A Q-Q plot (or Quantile-Quantile plot) is used to compare quantile distribution of a sample to a theoretical quantile distribution. Often, this is used to visually estimate whether a sample distribution is (close to) normal, in which case the quantiles are nicely aligned in the plot. Note that this type of visual estimation does not replace a proper statistical test for normality.

We will see how to use `ggplot()`

to code for a Q-Q plot representing a sample which is normally distributed. Here is the dataframe:

```
# dataframe
df <- data.frame(ID, values)
```

In ggplot2, Q-Q plots are drawn by the functions `stat_qq()`

and `geom_qq()`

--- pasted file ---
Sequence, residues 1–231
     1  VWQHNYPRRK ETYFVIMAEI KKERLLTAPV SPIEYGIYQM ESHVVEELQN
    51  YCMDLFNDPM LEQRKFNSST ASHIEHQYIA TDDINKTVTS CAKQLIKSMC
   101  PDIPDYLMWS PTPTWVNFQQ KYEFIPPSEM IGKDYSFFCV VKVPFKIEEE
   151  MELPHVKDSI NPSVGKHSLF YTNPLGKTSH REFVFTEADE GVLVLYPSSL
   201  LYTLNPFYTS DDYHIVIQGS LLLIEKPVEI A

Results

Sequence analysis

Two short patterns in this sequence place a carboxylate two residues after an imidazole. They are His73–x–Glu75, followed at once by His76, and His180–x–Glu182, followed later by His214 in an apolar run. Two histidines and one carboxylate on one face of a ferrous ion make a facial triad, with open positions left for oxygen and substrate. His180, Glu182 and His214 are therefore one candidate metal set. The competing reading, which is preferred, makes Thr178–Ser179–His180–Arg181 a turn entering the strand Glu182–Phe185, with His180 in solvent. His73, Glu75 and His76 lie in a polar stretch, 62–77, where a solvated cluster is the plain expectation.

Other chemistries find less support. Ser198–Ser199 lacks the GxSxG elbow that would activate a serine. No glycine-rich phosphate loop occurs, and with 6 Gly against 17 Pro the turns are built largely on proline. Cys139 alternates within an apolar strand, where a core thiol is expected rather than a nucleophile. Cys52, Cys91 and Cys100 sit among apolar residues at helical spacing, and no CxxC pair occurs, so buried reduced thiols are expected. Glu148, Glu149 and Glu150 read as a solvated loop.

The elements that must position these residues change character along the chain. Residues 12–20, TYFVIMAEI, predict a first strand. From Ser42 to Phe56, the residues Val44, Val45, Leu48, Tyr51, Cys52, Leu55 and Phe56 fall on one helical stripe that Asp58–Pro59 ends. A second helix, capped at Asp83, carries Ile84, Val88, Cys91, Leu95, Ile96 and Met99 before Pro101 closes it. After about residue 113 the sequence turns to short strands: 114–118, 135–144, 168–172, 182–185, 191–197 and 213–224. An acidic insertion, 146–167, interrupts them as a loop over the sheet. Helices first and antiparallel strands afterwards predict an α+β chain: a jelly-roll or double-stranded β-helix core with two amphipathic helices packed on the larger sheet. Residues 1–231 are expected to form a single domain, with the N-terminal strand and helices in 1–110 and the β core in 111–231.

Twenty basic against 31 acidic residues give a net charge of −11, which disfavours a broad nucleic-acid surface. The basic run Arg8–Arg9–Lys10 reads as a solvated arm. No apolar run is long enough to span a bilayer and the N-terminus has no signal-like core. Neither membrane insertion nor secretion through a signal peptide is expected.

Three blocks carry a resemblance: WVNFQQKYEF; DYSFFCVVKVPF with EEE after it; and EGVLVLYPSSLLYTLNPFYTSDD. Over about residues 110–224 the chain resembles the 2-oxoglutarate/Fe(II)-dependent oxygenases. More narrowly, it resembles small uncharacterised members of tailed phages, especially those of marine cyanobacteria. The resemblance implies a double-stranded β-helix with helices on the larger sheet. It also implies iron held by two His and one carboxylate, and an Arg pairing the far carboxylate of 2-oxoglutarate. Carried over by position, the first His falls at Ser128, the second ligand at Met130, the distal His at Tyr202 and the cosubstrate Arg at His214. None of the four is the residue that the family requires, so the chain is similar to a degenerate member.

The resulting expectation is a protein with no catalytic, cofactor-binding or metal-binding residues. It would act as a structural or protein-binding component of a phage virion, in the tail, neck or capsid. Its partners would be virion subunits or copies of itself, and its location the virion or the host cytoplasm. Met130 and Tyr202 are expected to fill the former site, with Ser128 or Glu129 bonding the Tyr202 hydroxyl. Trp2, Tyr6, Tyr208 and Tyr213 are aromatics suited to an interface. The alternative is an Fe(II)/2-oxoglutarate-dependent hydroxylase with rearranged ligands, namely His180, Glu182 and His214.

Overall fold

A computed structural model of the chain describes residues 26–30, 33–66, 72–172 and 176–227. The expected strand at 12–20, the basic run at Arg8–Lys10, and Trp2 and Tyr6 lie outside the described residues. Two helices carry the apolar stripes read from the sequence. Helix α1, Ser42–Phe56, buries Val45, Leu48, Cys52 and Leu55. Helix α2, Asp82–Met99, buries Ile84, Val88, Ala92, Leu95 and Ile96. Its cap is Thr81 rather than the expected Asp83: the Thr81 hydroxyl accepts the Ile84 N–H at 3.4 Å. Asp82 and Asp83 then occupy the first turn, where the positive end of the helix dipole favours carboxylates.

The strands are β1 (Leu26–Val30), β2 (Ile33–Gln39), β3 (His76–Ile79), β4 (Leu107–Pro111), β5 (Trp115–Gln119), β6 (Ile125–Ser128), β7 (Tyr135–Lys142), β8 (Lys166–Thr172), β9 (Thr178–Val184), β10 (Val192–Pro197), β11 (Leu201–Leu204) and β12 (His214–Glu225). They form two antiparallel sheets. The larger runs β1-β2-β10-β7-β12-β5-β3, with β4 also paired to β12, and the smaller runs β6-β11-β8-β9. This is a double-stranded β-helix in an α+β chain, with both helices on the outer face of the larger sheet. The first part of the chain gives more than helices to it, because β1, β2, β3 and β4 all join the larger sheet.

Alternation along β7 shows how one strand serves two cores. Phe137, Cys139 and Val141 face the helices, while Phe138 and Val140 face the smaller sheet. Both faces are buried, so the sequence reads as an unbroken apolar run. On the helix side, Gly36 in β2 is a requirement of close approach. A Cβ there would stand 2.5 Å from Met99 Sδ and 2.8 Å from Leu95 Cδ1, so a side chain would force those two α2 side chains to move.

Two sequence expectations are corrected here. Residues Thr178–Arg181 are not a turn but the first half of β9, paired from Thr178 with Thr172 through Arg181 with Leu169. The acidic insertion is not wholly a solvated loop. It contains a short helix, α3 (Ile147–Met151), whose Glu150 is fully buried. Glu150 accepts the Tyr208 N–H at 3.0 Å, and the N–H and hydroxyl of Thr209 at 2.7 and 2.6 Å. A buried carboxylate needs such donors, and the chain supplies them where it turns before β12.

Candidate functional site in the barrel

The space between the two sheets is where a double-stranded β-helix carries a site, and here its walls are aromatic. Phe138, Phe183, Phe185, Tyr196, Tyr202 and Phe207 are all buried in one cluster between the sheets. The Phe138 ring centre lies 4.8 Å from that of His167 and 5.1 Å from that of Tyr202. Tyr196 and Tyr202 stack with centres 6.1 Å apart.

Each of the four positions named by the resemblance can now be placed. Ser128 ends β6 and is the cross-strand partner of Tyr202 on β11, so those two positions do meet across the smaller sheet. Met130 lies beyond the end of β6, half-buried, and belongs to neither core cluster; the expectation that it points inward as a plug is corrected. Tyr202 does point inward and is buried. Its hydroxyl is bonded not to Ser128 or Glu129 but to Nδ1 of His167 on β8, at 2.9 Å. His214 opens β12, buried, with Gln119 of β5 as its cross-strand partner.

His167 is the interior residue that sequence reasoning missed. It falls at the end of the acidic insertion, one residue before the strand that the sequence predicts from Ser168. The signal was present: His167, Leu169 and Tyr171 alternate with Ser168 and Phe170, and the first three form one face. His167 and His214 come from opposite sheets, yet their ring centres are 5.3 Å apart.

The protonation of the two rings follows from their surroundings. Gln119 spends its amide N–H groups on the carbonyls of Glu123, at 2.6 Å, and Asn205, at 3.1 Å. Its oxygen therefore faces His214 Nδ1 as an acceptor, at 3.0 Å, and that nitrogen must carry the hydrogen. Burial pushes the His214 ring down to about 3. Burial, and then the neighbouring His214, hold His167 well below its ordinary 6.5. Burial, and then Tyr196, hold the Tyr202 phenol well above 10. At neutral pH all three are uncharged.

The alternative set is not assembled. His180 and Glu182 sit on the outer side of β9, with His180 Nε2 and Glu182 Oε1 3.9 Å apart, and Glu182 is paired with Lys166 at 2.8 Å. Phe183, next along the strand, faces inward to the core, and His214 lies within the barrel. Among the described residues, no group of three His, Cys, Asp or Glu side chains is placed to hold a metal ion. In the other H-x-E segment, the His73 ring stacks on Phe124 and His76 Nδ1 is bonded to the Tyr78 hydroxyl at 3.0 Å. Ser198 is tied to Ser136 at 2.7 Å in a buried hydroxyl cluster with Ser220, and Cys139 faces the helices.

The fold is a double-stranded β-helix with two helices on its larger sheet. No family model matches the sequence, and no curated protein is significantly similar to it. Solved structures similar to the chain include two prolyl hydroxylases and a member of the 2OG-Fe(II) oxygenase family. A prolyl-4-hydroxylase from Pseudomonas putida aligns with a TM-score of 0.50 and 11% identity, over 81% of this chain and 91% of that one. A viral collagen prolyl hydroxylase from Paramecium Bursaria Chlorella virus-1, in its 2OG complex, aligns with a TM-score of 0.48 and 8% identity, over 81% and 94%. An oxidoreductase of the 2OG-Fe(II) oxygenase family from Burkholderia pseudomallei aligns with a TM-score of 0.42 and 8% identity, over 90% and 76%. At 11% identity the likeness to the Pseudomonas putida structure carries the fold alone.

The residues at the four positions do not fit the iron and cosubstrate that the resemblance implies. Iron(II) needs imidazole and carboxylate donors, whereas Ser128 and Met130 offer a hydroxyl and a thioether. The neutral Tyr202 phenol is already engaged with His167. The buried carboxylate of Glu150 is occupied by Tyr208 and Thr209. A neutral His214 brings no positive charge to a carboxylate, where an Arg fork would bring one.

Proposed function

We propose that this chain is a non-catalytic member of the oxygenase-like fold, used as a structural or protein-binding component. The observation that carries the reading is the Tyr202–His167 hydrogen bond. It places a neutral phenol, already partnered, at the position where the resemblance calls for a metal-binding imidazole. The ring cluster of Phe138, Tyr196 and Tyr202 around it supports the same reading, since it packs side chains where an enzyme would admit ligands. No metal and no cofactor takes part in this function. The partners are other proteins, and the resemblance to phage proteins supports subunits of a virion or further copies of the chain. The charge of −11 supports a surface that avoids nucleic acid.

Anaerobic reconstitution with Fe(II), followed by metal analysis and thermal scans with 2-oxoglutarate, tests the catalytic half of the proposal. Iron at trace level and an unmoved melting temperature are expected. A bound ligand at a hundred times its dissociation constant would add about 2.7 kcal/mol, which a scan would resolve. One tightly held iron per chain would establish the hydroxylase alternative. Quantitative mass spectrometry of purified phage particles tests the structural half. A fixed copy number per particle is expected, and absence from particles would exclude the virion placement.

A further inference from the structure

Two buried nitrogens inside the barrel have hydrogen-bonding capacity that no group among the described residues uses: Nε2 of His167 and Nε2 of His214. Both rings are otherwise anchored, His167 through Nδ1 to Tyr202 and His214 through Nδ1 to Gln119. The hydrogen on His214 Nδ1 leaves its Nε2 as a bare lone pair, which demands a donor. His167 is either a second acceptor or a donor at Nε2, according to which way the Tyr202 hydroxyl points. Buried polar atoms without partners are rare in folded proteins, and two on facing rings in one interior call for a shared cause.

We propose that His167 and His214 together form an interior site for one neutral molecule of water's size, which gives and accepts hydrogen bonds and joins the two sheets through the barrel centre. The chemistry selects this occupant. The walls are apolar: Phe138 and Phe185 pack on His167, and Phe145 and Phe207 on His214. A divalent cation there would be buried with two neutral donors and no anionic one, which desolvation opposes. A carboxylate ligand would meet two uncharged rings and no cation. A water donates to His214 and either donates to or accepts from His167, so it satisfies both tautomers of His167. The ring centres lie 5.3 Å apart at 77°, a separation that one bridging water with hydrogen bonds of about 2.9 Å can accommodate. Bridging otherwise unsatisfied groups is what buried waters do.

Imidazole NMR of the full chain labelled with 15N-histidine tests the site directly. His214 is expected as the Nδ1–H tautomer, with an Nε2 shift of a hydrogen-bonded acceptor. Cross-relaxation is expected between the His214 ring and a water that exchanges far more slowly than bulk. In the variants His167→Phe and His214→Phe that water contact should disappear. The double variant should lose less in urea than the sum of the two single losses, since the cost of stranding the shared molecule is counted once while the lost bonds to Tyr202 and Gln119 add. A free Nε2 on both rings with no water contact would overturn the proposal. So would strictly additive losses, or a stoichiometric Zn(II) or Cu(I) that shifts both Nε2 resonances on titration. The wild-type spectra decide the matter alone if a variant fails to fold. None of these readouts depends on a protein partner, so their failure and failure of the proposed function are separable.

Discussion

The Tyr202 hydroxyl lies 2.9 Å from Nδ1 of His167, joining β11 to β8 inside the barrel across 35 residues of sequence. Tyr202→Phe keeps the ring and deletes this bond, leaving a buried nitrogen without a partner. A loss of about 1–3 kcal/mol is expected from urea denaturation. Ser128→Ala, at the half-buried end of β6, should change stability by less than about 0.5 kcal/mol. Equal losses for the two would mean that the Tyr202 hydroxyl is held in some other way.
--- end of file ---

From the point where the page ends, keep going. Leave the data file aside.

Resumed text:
. Here we use `stat_qq()`

:

```
ggplot(df, aes(sample=values)) +
stat_qq()
```

It is of course possible to tune the look of the plot with, for example, `size=`

and `color=`

:

```
ggplot(df, aes(sample=values)) +
stat_qq(size = 2, color = "blue")
```

To better verify the alignment of the dots, one can add a *quantile-quantile line* by the mean of `stat_qq_line()`

. This line can also be tuned with similar arguments:

```
ggplot(df, aes(sample=values)) +
stat_qq(size = 2, color = "blue") +
stat_qq_line(size=1.25, color="red")
```

In this section, you will learn how to set/modify all the necessary elements that make a plot complete and comprehensible. Such elements are:

- plot title,
- axis title,
- axis scale,
- axis ticks,
- category labels,
- legend,
- secondary Y-axis,
- colors,
- etc.